Figure 4-60.Solenoid action.
current through the coil produces a magnetic field,
which draws the plunger within the coil, thereby
resulting in mechanical motion. When the coil is
de-energized, the plunger returns to its normal position
by the spring action.
Solenoids are used in steam catapult systems for
operating bridle tensioning valves,
lubrication valves, engine retraction valves, and relays,
and for various other mechanisms where only small
movements are required. One of the distinct advantages
in the use of solenoids is that a mechanical movement
can be accomplished at a considerable distance from the
control station. The only link necessary between the
control and the solenoid is the electrical wiring for the
RELAYS.One of the principal uses of relays is
the remote control of circuits. Circuits maybe energized
by control relays from one or more stations simply by
closing a switch. Switches used to energize relays
require lightweight wire only, and may thereby
eliminate the necessity of running heavy power cable to
the various control points. An additional advantage
resulting from relay control is the removal of safety
hazards, since high-voltage equipment can be switched
remotely without danger to the operator.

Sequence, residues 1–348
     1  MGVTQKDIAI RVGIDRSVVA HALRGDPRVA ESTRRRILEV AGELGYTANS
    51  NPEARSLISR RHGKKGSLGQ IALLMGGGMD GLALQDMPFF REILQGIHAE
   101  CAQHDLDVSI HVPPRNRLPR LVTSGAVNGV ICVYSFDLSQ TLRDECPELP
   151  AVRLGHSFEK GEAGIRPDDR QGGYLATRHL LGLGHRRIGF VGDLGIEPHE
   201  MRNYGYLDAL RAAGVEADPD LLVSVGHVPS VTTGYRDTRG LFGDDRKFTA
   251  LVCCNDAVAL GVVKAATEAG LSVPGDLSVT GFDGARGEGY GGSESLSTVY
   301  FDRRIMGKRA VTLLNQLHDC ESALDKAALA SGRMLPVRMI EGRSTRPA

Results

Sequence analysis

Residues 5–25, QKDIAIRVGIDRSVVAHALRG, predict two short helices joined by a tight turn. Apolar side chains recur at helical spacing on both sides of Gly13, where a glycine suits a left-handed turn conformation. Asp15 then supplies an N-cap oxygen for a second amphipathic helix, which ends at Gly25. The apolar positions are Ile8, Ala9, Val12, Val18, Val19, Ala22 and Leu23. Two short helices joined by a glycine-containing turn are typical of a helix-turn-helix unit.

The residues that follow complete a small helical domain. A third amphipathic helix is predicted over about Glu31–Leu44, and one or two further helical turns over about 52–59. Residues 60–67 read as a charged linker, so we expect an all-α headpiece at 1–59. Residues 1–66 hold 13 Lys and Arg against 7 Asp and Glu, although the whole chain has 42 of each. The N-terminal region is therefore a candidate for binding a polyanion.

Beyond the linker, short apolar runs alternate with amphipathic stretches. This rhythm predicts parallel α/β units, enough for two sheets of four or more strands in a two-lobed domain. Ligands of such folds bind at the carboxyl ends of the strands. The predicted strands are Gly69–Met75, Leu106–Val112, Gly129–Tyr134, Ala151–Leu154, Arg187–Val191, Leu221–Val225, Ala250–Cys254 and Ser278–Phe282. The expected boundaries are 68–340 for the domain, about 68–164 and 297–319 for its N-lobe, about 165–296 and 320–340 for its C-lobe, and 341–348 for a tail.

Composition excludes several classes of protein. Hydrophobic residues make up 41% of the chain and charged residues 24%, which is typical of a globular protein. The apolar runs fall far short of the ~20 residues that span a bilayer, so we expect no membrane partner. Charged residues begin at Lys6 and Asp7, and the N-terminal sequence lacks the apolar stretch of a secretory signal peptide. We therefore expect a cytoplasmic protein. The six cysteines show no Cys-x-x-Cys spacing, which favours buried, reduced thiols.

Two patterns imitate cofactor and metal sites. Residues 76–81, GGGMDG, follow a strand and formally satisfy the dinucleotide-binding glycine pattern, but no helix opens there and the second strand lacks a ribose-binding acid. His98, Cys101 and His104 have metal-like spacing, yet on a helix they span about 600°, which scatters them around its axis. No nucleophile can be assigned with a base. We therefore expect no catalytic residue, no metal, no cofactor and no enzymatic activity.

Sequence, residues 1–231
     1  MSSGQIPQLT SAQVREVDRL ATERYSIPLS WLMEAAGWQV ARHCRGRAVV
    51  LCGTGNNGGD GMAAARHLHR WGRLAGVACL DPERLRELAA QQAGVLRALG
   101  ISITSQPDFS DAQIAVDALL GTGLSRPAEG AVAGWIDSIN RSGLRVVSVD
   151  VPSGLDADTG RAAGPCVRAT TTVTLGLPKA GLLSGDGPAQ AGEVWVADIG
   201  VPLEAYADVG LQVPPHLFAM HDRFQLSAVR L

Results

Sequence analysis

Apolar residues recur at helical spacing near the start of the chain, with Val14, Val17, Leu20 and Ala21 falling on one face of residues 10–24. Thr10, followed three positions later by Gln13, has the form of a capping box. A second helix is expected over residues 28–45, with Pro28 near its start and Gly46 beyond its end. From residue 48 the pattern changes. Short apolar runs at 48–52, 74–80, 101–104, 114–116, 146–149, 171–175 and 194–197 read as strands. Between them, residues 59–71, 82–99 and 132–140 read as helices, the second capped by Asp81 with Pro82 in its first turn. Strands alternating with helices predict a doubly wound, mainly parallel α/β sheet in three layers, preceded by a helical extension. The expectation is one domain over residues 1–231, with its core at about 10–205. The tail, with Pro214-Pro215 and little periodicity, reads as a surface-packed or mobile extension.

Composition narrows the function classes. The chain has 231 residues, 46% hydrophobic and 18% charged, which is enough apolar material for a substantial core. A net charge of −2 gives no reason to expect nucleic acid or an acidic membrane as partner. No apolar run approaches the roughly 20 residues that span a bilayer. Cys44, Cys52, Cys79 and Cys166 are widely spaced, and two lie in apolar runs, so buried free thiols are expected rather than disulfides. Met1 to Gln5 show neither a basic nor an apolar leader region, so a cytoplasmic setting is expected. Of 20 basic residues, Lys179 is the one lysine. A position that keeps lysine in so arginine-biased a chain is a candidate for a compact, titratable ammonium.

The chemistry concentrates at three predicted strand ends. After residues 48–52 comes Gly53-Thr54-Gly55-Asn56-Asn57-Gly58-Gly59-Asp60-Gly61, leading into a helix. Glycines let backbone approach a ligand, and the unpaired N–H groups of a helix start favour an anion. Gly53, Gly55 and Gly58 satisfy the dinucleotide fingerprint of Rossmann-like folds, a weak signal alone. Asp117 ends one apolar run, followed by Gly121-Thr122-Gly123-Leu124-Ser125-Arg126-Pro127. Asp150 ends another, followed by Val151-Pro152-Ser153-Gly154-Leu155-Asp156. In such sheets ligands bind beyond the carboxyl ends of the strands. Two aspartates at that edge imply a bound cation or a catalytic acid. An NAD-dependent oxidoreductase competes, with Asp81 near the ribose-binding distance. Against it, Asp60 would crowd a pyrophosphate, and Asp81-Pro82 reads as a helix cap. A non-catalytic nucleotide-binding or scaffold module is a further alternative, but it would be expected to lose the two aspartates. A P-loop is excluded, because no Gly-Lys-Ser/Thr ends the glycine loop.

In general, a relay consists of the following
components: a magnetic core and associated coil, the
contacts, springs, armature, and the mounting. Figure
4-61 illustrates the fundamental construction of a relay.
When the circuit is energized, the flow of current
through the coil creates a strong magnetic field, which
pulls the armature to a position that closes the contacts.
When the coil is energized, it moves the armature to
contact C1, which completes the circuit from the
common terminal to C1. At the same time, it has
opened the circuit to contact C2.
The relay is one of the most dependable
electromechanical devices in use; but like any other
mechanical or electrical equipment, relays occasionally
wear out or become inoperative for one reason or
another. Should inspection determine that a relay has
exceeded its safe life, the relay should be removed
immediately and replaced with one of the same type.
FUSES AND CIRCUIT BREAKERS. The elec-
trical control system is protected from overloading by
fuses and circuit breakers.
The fuse is the simplest protective device. A fuse is
merely a short length of wire or metal ribbon within a
suitable container. This wire or metal ribbon is usually
made of an alloy that has a low melting point and is
designed to carry a given amount of current
indefinitely. A larger current causes the metal to heat
and melt, opening the circuit to be protected. In